Description: KURT SCHMID EHMEN PHOTOGRAPH NEGATIVE ARCHIVE - CREATOR OF THE NAZI EAGLE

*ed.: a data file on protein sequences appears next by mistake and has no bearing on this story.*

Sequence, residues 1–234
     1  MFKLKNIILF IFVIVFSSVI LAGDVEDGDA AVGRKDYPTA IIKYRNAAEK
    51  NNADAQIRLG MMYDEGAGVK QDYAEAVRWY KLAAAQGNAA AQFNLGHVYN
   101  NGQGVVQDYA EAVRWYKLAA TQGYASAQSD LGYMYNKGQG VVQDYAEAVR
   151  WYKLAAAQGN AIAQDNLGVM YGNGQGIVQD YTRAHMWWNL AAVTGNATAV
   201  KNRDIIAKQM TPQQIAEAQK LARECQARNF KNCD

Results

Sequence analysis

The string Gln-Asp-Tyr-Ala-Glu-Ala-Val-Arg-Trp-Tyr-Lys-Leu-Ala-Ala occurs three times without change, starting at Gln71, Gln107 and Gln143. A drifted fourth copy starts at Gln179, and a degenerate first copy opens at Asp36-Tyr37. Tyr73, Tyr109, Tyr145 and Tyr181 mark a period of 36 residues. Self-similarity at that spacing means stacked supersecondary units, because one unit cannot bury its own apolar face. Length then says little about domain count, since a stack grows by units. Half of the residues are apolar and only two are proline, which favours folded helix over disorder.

KURT SCHMID EHMEN (1901 - 1968) German sculptor. Schmid Ehmen's monumental works came to represent Nazi German itself. They included the eagle installed at the Feldherrenhalle in Munich, the national eagles on the Fuhrerbau in the Koenigsplatz, and the eagles in stone at the four corners of the congress building of the German museum in Munich. Also among his works was the eagle placed on the 'Der Haus der Deutschen Kunst' in Munich and the gilded eagle atop the German pavilion at the 1937 Paris World Exhibition. Perhaps his most famous works are the 'Tribune' eagles at the parade grounds in Nuremberg which was used for the massive Nazi Party rallies, and the swastika at the grounds, famously blown to pieces for the newsreels at war's end. Schmid Ehmen joined the Nazi Party in the early 1930s and his acquaintance with the architect Paul Ludwig Troost gave him his first commissions as well as an acquaintance with Adolf Hitler. A most important grouping of approximately 350 photo negatives, a virtual catalog of the artist's wartime work including eagles he placed the rally grounds at Nuremberg, the Fuhrerbau in Munich, the Paris Exposition, the House der Deutschen Kunst, among other locales, studio images including his foundry, workers, works in progress, detail images, sites of installations, portraits of the artist and some of his subjects, and much more. Of the total, approx. 9 negatives are glass, measuring 9 x 12 cm.; approx. 297 negatives measure 2.25 x 2.25 in.; approx. 40 negatives measure 3.5 x 4.75 in.; and approx. 4 negatives measure 2.5 x 3.75 in. The slides are accompanied by their original paper envelopes, some of which detail the contents. An important grouping documenting the works of a man who could well be considered Europe's 'most dangerous artist'.